Women today have a tremendous thirst for career advancement. But if you want to land your dream job, you have to start thinking like a CEO. It’s about developing business strategy, trimming operational expenses, and maximizing returns. The question is: How do you get there? And who’s going to help you? I mentor quite a few talented young women in my organization. But the higher up the chain you go, the fewer leaders there are who can mentor you.
My career ambition is to become a CEO. But how many incumbent CEOs can dedicate time for fluffy one-on-one mentorship sessions? Zero. However, I found a way to learn from a CEO. And you can do it too. Are you ready to take your game to the next level?
1. Choose Your Virtual Mentor
First, choose your CEO mentor. Aim high. I start with the leading ladies in business — the 51 women who are the top CEOs of publicly traded companies. It’s a short but powerful list (only 5 percent of Fortune 1000 companies have female CEOs) and it includes top-drawer names like Meg Whitman of Hewlett-Packard, Denise Morrison of Campbell Soup Company, and Marissa Mayer of Yahoo. From this list you can select a mentor who inspires you. Let’s say you would like nothing more than to be mentored by retail rock star Laura Alber, CEO of Williams-Sonoma. It’s absolutely possible because you can turn traditional mentorship on its head. What I mean is that this type of virtual mentorship doesn’t feed you insights that directly benefit your unique developmental challenges. You’ll have to work a little harder than that to learn from the best.
2. Check Out the Company’s Investor Website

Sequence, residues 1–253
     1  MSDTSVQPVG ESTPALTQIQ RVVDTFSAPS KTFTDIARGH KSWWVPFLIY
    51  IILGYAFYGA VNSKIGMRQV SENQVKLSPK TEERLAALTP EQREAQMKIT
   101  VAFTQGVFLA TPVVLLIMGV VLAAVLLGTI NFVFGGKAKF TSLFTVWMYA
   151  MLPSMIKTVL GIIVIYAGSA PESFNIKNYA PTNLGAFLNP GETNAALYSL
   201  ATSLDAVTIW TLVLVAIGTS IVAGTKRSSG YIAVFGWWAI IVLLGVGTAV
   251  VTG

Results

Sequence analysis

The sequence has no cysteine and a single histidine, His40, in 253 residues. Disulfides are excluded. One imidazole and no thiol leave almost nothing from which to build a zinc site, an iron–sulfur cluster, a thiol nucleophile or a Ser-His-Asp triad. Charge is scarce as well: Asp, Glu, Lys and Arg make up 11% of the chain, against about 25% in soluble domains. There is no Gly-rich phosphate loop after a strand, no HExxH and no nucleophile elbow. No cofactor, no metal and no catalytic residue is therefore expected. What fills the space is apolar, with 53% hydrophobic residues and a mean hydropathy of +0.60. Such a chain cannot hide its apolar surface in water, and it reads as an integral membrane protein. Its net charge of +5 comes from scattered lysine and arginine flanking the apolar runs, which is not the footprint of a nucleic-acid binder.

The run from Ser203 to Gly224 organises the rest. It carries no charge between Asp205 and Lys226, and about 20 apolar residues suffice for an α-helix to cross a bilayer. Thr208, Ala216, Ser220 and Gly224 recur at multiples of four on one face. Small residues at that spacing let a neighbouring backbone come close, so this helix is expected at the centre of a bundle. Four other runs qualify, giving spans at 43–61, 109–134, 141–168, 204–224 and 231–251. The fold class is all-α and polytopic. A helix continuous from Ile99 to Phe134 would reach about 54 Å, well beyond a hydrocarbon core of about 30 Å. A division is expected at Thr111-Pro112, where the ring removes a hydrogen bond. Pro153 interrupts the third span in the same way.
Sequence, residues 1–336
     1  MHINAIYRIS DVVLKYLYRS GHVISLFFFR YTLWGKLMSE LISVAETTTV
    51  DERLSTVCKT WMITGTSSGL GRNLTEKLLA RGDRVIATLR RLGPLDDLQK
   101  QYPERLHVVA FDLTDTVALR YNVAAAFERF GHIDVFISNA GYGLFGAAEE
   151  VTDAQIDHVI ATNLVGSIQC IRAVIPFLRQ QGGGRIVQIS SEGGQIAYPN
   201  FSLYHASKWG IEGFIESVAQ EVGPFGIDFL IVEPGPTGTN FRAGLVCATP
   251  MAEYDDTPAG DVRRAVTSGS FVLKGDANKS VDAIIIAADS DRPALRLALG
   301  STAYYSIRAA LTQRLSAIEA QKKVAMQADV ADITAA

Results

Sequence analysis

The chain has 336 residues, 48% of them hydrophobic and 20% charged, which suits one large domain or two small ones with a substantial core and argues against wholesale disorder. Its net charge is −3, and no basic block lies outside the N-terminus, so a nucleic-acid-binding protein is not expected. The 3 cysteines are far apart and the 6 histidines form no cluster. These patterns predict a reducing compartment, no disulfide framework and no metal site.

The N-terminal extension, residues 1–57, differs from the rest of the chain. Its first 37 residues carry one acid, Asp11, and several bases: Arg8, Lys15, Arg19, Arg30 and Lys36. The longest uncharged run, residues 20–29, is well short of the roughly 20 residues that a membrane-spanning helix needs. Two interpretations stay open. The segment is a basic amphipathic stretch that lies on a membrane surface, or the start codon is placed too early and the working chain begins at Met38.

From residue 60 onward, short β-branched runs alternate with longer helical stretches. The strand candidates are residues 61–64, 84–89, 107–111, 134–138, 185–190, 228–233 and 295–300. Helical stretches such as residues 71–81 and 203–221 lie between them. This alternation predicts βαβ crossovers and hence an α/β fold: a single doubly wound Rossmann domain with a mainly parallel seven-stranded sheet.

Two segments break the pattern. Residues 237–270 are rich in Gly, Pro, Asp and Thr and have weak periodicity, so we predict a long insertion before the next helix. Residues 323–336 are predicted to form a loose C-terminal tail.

Once you have your mentor, check out her company’s investor relations website. It’s easy to find with a simple Google search. An investor relations site, like the Williams-Sonoma site, will quickly tell you the company’s story, history, where it came from, and more importantly, where it’s going. Unlike a lot of financial services sites, investor relations sites are written for humans in plain English. And you get a fantastic information source to learn how CEOs help cultivate business strategy, trim operational expenses, and maximize returns. You can also find investor presentations on these sites. Reading investor presentations is another clever way to learn about how your mentor articulates her strategy and how she presents to the Street. (Wall Street, that is.)
Case in point: I found a little gem in Laura Alber’s “Tomorrow’s Retailer” presentation from 2013. She shared her formula for sustainable growth that leads to the firm’s greater enterprise value and return to stockholders. This is basically the strategy that has led the Williams-Sonoma stock to increase by over 75 percent over the course of the past two years. As I’m also responsible for a growth strategy, her insights gave me valuable ideas to help me further my own career goals. It’s high-level career coaching without trying to muscle an appointment onto a busy woman’s calendar.
3. Attend the Quarterly Earnings Calls
Speaking of calendars, you can stay in the constant flow of information by attending your mentor’s quarterly earnings calls. I love earnings calls because it’s the best way to learn how a leader is executing her strategy. You can find dates and times for all these events on the same investor relations page.
And here’s the beautiful thing. At the same time you’re deepening your business acumen, you’ll also be learning more about the stock market. That’s right. Many of these same analytical business skills you cultivate on your leadership path can help you pick the right stocks for your portfolio. When you learn to recognize these connections, you’ll see how what you know about the market can help further your career and vice versa.
You can learn more about thinking like a CEO and investment strategies from my webinar, “Shatter the Glass Ceiling.”
Nicole Sherrod is a member of the DailyWorth Connect program. Read more about the program here.
Inclusion of specific security names in this commentary does not constitute a recommendation from TD Ameritrade to buy, sell, or hold.
DailyWorth is separate from and not affiliated with TD Ameritrade.